First, in relation to early marriage, Bill S-7 introduces a minimum age of 16 below which marriages could no longer be legally conducted in Canada even with parental or court consent. There has been some misunderstanding about this provision of the bill, so let me be perfectly clear. The free age of marriage in Canada, or the age at which a child becomes an adult and can give consent to marry on his or her own with no additional requirements, is 18 or 19 years of age, depending on the province or territory where the marriage takes place. Bill S-7 does not change this. Instead, Bill S-7 proposes to legislate in relation to the absolute minimum age of legal capacity for marriage, which is a matter of federal jurisdiction under the Constitution. Currently, federal law sets age 16 as the lowest age for marriage only in the province of Quebec. Elsewhere in Canada, as there is no federal legislation, the old pre-Confederation common law applies. This bill proposes to close that loophole and set a national floor at 16, below which marriages may not be legally conducted.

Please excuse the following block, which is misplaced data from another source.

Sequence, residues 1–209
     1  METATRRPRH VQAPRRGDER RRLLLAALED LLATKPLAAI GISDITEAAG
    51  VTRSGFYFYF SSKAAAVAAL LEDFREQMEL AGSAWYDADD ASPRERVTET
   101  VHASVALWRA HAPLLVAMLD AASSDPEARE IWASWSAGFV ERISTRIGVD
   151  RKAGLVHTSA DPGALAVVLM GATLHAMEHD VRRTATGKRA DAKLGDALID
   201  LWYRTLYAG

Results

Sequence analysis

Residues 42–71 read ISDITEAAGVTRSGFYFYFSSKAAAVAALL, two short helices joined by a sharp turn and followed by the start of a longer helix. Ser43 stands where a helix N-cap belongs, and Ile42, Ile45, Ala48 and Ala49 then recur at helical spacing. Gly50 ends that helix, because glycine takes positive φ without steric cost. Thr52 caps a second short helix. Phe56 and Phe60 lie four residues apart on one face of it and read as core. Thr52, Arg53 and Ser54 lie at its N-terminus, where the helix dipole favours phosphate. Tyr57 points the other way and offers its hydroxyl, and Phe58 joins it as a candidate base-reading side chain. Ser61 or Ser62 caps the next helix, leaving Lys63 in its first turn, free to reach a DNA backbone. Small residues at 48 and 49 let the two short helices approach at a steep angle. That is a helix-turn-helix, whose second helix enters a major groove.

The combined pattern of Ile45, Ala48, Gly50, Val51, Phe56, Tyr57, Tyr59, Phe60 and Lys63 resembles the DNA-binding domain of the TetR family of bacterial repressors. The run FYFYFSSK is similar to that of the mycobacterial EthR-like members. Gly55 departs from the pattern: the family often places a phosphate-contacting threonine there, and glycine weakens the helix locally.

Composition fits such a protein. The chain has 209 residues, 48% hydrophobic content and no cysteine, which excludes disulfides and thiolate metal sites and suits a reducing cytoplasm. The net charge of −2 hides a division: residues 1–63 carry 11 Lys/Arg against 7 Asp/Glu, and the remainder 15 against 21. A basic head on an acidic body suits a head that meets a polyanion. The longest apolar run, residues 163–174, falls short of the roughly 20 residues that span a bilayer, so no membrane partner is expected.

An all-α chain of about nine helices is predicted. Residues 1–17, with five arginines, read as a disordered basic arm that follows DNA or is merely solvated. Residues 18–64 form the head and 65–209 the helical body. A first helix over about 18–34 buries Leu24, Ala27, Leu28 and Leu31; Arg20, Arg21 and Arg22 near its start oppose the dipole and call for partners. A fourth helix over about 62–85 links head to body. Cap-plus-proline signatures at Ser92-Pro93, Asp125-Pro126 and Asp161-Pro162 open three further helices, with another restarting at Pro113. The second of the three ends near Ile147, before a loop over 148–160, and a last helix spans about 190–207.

If we compare Canada with similarly situated countries, we see that many have set the lowest age for anyone to marry at age 16, including the U.K., Australia, New Zealand, Austria, Finland, Germany, Italy, and Norway. This is what Bill S-7 proposes to do.
Several other like-minded countries have set 18 as the age at which a person can marry without the requirement for consent from their parents or the courts. These countries have no absolute minimum age of marriage: Belgium, France, Iceland, Ireland, the Netherlands, Spain, Sweden, and most of the United States. This is similar to the current law in Canada.